I was privileged to be able to attend events here in Knoxville this last weekend to celebrate the Sesquicentennial (150 years) of the ending of the Civil War. The “Blue & Gray Reunion and Freedom Jubilee” events were all over the city to help people remember the Civil War’s significance in our history and how we still feel the impact of it today. We think of the “glory” of the battles, the generals, the loss of family members, but we don’t spend as much time on what followed to address the issues that started the war. “Reconstruction” has become a distasteful term and it was glossed over in my history books (or at least that is how I remember it) because of its failures and how difficult it was to implement.
I attended 3 events that all attempted to continue the discussion about Reconstruction. Perhaps if we keep looking at it, we can truly accomplish the promised changes it was supposed to bring.
Dr. Caroline E. Janney gave Thursday’s opening night’s lecture based on her book “Remembering the Civil War: Reunion and the Limits of Reconciliation.” Her speech discussed three basic themes: 1) how Unionists and Confederates saw “Reconciliation”…it was not as friendly as it is depicted 2) the issue of slavery and how both sides saw it post war 3) the role of women in Civil War societies and how different it was in the south vs. the north (surprise…bigger role for women in the south.)
Friday was the official commemoration with local political officials, representatives of the Sesquicentennial Commission and the state historian. Following that was a panel discussion of historians on “Reconstruction Tennessee.” They covered the successes and failures of reconstruction and why. The successes were the Emancipation Proclamation, the 14th amendment which makes all people born in America citizens, and the 15th Amendment giving all men the right to vote. Sadly the successes were overshadowed by racism, violence and the negative reputation of the “Northern Carpetbaggers.” The historians of the William Dunning School perpetuated the ugly image of Reconstruction, as did popular culture through such films as “Birth of a Nation” and “Gone with the Wind.” We see “Reconstruction” continued with legal battles against segregation, the Voting Rights Act of 1965 and how we will deal with racism today.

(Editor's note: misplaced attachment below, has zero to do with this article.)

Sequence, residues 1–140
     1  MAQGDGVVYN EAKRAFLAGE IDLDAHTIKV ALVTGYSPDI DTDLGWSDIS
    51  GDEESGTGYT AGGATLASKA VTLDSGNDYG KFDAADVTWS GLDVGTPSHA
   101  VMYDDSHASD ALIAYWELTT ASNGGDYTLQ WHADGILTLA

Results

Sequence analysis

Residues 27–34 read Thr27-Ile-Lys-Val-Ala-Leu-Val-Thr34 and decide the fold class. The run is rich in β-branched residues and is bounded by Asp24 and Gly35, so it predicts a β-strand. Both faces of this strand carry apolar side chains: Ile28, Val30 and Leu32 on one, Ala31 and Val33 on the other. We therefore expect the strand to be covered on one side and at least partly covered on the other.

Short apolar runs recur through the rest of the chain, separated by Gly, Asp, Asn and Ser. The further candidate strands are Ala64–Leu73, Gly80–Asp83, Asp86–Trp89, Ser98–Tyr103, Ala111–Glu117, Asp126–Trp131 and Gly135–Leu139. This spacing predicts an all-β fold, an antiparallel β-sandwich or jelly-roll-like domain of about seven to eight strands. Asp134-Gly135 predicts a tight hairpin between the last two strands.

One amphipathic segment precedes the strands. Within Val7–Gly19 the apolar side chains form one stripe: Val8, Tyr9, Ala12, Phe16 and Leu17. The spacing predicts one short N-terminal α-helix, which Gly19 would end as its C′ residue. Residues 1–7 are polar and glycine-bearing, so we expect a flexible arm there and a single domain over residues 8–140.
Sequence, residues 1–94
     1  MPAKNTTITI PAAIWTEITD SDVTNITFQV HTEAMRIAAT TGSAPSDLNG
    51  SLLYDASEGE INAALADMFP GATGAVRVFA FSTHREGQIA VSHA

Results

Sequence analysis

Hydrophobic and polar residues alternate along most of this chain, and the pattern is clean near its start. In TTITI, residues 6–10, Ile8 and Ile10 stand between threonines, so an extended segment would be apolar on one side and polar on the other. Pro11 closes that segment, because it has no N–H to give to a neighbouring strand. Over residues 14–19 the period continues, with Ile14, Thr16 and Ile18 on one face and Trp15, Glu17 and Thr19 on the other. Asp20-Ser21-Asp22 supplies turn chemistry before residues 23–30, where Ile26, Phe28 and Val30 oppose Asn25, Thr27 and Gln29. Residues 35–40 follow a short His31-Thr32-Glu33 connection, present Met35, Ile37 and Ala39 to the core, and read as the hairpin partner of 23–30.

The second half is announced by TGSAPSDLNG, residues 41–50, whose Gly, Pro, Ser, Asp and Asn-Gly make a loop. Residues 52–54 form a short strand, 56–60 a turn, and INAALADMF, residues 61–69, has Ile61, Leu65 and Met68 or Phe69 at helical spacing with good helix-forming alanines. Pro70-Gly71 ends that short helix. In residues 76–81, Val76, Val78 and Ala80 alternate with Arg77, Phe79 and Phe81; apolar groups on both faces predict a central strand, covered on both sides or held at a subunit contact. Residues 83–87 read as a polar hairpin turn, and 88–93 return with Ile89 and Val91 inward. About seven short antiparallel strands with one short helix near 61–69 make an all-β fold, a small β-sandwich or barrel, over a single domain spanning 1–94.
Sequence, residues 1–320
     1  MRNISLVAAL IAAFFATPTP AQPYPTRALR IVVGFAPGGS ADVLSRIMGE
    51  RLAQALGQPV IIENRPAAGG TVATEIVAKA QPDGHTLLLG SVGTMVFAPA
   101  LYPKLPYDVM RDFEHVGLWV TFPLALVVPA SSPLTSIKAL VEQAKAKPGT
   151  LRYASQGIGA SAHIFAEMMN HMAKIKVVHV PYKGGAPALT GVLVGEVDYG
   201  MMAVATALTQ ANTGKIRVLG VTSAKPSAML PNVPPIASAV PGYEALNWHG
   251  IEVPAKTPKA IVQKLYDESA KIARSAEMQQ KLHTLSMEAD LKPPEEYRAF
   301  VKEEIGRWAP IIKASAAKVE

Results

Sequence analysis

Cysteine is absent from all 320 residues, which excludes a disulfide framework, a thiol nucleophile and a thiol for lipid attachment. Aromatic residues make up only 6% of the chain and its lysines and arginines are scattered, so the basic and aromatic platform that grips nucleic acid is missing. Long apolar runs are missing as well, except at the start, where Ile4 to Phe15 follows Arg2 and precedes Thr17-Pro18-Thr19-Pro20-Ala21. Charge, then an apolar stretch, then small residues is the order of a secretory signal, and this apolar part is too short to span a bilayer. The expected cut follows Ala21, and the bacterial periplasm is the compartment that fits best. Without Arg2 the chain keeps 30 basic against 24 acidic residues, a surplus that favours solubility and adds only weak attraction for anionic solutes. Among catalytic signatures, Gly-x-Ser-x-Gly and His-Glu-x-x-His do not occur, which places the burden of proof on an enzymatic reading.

My final and favorite event was the Color Guard demonstration of the 1st U.S. Colored Heavy Artillery and the presentation of their transcribed military records to the Beck Cultural Exchange Center. This was momentous because the 1st U.S. Colored Heavy Artillery soldiers, who had served in Knoxville during the Civil War (and many settled here after the war), were not invited to the 1890 and 1895 Blue & Grey Reunions in Knoxville. They had served their country with distinction and then were not allowed to attend the all white events to share in the camaraderie and remembrance.
The presentation was followed by a lecture by Dr. Frank Smith, Executive Director of the African American Civil War Memorial and Museum in Washington, D.C.. Dr. Smith reminded the audience that there were over 200,000 black men that served as soldiers in the Civil War. He told some wonderful stories about individuals who had escaped slavery in order to serve, including Michelle Obama’s ancestor. Descendants of soldiers come into the museum seeking to know more about their ancestors and some even bring their own original documents. (Video) The Museum is one of the sponsors of the “Grand Review Victory Parade” on May 17th in Washington, D.C., where they are expecting that over 10,000 reenactors will march. It’s important that Regiments of the United States Colored Troops (USCT) participate, as they weren’t allowed to be there at the 1865 Grand Review celebrating the end of Civil War. It’s time to see them march for their ancestors and be honored for their contribution.
Note: If you would like to know more about the USCT in the Civil War there is a lecture by Hari Jones on the Civil War Trust website.
Also, Tennessee is not forgetting Reconstruction either – Middle Tennessee State University Center for Historic Preservation has published a driving tour brochure with over 100 locations in Tennessee that played a role in Reconstruction. History is alive and well…it gives you hope!